Review: Mario Kart 7 (3DS)

I’m playing through Mario Kart 7 with a ferocity I haven’t had with the series in some time. Part of that was for this review, but the other is because I’m actually enjoying Mario Kart once again. I’ve made it no secret over the past few years that I hate Mario Kart Wii. There was a level of safe comfort to the game to be sure, and the online experience was a refreshing break from the madcap sea of douchebags on Xbox Live, but the wretched item balance, boring track design, unbalanced bikes, and totally broken Battle Mode (Spike shells? REALLY?) destroyed my ability to play the game beyond twenty minutes without suddenly being urged to smash a nearby piece of furniture through a household wall.

While Mario Kart 7 doesn’t do much to push the series forward, it also manages to restore much of the fun that was lost during Mario Kart Wii‘s decision to pander to the lowest common denominator. Let’s take a look at the lessons Nintendo has learned since 2008.

Game: Mario Kart 7
Publisher: Nintendo
Developer: Nintendo EAD/Retro Studios
Genre: Kart Racer
Price: $39.95
Pros: Builds off Mario Kart DS (rather than Wii) to remind us what makes Mario Kart so great.
Cons: No Mission Mode or Quick Race options? Battle Mode (though improved) still weakest link.
Verdict: One of the best Mario Kart games since MK64. 

Acquired via Purchase

The first thing that instantly grabs your attention is the inclusion of the ability to glide off high ramps, and drive underwater. This evolves the gameplay, but doesn’t change it fundamentally. At the very least, Lakitu is out of a job (and becomes an unlockable driver), but the added swimming/flying sections really help to mix up the action and provide needed variety to the series. Even more interesting is how the retro tracks were intelligently modified to support the new features. First person mode has been added alongside new gyro controls. It certainly changes the way you look at a kart racer in a welcome way, but seems generally inferior to the traditional viewpoint.

Track design reaches new heights in MK7. Where as Mario Kart Wii’s tracks generally felt wide, empty, restrictive, and one-dimensional, Mario Kart 7 restores not only personality, but intelligent design. Each new raceway is vibrant and offers its own personality, different from the others. Like the series better installments, you can forge an emotional connection with each track because they have a personality. Of particular mention are the two Wuhu Island circuits, Wario Shipyard, and the new Rainbow Road (which could rival MK64 for the best Rainbow Road in the franchise’s history). Some may balk at the idea of modifying the Wii Sports homeland into a Mario Kart locale, but the tracks just spill over with originality and hidden ways to succeed. Mario Kart has toyed with the idea of track shortcuts in the past such as Yoshi Circuit’s cliff dive in Double Dash, or the breaks in the track barriers in the original Super Mario Kart’s Donut Plains. Mario Kart 7 takes it to a new level while never creating too much of an advantage for any specific player. It should be noted that each of the four tracks I listed above are point-to-point races rather than circuits – a first for Mario Kart. More of this willingness to break established formula would be welcome.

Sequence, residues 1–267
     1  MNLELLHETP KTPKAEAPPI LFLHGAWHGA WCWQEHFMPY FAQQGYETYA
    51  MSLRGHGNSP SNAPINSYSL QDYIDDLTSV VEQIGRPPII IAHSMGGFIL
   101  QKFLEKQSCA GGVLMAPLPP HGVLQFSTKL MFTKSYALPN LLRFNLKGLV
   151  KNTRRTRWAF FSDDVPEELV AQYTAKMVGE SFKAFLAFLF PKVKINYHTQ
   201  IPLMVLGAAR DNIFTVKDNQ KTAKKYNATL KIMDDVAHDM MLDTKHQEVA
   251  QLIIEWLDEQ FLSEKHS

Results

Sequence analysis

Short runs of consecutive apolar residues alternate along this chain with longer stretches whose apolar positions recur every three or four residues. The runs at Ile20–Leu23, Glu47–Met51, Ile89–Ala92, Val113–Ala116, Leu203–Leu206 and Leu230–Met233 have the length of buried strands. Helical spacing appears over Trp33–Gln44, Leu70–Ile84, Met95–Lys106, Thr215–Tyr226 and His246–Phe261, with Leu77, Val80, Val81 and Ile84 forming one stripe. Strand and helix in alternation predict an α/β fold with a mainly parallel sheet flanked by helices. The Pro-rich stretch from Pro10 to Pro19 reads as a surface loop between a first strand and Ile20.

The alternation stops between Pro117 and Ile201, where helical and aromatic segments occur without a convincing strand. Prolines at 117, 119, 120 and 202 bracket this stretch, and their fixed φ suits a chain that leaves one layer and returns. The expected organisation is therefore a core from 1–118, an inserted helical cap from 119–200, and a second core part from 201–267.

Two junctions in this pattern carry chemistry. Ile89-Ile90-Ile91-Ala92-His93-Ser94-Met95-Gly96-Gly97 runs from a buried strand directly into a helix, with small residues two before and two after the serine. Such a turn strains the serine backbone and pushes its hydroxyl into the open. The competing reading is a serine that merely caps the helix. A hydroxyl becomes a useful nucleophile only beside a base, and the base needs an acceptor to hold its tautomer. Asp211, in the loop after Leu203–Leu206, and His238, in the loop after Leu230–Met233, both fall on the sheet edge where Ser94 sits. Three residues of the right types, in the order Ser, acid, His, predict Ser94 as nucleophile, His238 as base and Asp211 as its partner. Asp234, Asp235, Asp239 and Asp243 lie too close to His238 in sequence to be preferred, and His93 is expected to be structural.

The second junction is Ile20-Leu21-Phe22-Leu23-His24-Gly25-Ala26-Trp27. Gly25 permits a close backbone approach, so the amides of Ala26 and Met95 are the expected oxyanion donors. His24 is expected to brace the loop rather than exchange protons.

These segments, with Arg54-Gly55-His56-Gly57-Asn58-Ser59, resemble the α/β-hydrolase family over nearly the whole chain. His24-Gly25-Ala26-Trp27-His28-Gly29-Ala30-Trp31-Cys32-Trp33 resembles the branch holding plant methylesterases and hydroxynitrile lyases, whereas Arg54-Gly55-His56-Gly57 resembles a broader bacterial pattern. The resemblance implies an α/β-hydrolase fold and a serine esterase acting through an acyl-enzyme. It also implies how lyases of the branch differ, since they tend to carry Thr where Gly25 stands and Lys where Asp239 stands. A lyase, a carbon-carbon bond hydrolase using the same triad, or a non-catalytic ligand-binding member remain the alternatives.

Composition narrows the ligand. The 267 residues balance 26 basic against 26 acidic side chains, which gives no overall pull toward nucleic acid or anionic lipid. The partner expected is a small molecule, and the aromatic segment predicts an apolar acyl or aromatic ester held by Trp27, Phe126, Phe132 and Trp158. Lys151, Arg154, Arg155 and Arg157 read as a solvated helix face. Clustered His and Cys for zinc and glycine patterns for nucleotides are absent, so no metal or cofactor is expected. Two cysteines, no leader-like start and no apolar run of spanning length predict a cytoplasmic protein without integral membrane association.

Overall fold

Most importantly of all, Nintendo finally listened to the complaints that started with Double Dash and reached near intolerable levels with Mario Kart Wii. Item balance has been restored. Most items can be countered or evaded, though a few situations will still present you with the traditional Mario Kart “FU” for laughs and giggles, but it’s far less frustrating and repetitive this time. Most specifically, the classic form of the Blue Spike Shell has returned. While it still nukes the player in first place, it now once again blasts everybody else it finds along the way, ala MK64. Three new selections of mention are the Fire Flower, which can be fired backwards; Tanooki Tail, the SMB3 inspired battering ram which lasts about 10 seconds (great for swatting oncoming red shells and other players off cliffs); and the “Lucky 7”. The Lucky 7 is now the rarest item in the game. It gives you a full load of items to blow at your competition. Seems crazy unbalanced, but one banana peel and they’re all gone. Once again – balance – is the key word in Mario Kart 7.

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